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UTSA to host April 9 event as part of Sexual Assault Awareness Month
(April 4, 2014) -- As part of Sexual Assault Awareness Month (SAAM), the UTSA Police Department will host a ceremony from 9 to 9:30 a.m., Wednesday, April 9 at the University Center Paseo on the Main Campus.
UTSA students, faculty and staff are invited to help raise awareness of sexual assault violence. Those attending can sign a SAAM teal ribbon poster as a commitment to support education and awareness. There will events such as this across the country.
Following is the proclamation issued by President Barack Obama for 2014 Sexual Assault Awareness Month: "Every April, our nation comes together to renew our stand against a crime that affronts our basic decency and humanity. Sexual assault threatens every community in America, and we all have a role to play in protecting those we love most -- our mothers and fathers, our husbands and wives, our daughters and sons. During National Sexual Assault Awareness and Prevention Month, we recommit to ending the outrage of sexual assault, giving survivors the support they need to heal and building a culture that never tolerates sexual violence."
>> Learn more at the National Sexual Violence Resource Center website.
For more information, contact Maranda Tupper, officer in the UTSA Police Department Crime Prevention Unit, at 210-458-6974.
What is sexual violence?
- Sexual violence occurs when someone is forced or manipulated into unwanted sexual activity without their consent. Reasons someone might not consent include, fear, age, illness or influence of alcohol or other drugs.
- Anyone can experience sexual violence including children, teens, adults and elders. Those who sexually abuse can be acquaintances, family, trusted individuals, or strangers. Of these, the first three categories are most common.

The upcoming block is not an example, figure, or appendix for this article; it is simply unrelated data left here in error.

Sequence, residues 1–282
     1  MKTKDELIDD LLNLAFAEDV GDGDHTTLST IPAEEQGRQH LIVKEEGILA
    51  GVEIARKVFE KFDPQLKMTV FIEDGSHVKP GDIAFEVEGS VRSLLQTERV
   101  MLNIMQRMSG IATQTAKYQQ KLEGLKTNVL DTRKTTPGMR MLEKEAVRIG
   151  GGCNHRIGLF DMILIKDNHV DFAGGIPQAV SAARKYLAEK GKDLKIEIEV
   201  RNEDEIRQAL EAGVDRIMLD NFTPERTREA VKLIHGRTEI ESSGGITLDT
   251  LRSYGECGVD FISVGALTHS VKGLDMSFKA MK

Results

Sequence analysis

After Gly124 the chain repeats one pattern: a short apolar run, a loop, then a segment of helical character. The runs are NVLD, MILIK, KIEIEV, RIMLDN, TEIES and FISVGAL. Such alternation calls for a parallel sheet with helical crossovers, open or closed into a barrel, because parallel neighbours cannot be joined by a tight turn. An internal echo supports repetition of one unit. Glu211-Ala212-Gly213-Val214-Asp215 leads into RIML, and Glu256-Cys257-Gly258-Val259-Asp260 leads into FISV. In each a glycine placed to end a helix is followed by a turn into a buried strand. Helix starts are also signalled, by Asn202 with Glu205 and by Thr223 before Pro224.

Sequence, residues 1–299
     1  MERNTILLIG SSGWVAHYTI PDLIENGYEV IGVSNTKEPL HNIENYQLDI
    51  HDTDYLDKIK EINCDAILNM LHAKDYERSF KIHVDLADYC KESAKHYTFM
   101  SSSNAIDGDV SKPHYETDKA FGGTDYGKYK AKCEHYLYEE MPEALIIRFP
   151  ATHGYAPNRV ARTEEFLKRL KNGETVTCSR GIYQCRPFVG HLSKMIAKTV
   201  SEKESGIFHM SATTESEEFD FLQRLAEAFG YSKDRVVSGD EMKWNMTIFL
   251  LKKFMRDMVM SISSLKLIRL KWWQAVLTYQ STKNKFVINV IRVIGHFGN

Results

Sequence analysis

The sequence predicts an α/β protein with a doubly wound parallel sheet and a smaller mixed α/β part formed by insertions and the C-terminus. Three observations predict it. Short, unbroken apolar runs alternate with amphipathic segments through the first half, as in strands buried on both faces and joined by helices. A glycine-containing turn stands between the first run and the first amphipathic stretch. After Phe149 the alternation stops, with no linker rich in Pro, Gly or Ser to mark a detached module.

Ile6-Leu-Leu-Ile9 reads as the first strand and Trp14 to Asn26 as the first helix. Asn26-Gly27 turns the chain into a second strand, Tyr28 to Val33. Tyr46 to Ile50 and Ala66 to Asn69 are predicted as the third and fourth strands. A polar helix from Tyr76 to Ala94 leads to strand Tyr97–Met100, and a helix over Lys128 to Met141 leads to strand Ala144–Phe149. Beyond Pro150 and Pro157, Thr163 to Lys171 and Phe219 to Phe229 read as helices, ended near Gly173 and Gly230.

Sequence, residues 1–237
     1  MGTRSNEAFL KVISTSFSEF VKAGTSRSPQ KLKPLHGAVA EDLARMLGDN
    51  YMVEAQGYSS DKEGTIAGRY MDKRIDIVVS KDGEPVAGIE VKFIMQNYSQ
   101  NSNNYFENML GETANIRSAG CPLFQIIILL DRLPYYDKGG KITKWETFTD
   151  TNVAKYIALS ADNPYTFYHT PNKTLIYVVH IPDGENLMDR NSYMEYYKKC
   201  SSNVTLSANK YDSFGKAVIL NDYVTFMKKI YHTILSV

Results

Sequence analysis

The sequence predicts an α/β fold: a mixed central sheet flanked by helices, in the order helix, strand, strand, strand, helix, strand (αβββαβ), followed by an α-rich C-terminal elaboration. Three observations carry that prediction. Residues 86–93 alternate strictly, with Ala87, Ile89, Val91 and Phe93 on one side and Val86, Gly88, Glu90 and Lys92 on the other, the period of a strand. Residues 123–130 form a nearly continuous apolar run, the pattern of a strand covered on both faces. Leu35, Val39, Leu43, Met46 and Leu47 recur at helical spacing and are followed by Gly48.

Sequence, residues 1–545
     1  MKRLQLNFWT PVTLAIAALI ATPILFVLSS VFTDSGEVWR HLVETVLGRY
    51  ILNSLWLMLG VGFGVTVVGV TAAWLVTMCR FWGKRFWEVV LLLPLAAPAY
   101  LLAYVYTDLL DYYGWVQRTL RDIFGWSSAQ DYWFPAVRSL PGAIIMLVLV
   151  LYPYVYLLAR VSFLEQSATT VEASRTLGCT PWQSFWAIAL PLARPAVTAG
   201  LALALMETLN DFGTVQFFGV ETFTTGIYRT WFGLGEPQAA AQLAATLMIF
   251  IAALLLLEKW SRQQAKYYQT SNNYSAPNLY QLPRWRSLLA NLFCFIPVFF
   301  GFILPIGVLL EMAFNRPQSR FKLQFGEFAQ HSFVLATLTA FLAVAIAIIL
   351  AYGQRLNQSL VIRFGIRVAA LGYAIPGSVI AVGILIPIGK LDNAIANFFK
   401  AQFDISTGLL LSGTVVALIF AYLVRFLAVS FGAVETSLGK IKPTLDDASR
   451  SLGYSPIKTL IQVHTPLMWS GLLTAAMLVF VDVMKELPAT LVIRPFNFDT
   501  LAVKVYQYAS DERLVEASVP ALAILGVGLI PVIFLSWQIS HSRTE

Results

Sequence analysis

Who does it happen to?
- Sexual violence happens to people of all ages, races, genders, sexual orientations, religions, abilities, professions, incomes and ethnicities.
- These violations are widespread and occur daily in our communities, schools and workplaces.
What is the impact of sexual violence?
- Sexual violence can affect parents, friends, partners, children, spouses and coworkers of the survivor. It is important for those close to them to get support.
- Schools, workplaces, neighborhoods, campuses, and cultural or religious communities may feel fear, anger or disbelief when a sexual assault happens.
- There also are financial costs including medical services, criminal justice services, crisis or mental health services, and the lost contributions of individuals affected by sexual violence.
What are some ways to prevent sexual violence?
- Be a role model for respectful relationships and behaviors.
- Speak up when hearing harmful comments or witnessing acts of disrespect or violence.
- Create policies at workplaces, agencies and schools.
- Coordinate community prevention efforts.
- Talk with legislators and ask them to support prevention and victim services.
What can bystanders do?
- Bystanders can speak up when they witness these actions to foster healthy sexuality and safe communities. Many opportunities exist in daily life where society can prevent behaviors that promote sexual violence.
- While some forms of sexual violence may not be illegal, such as sexist jokes, catcalling or vulgar gestures, this does not make them any less threatening or harmful to the person victimized. These behaviors contribute to a culture that accepts sexual violence.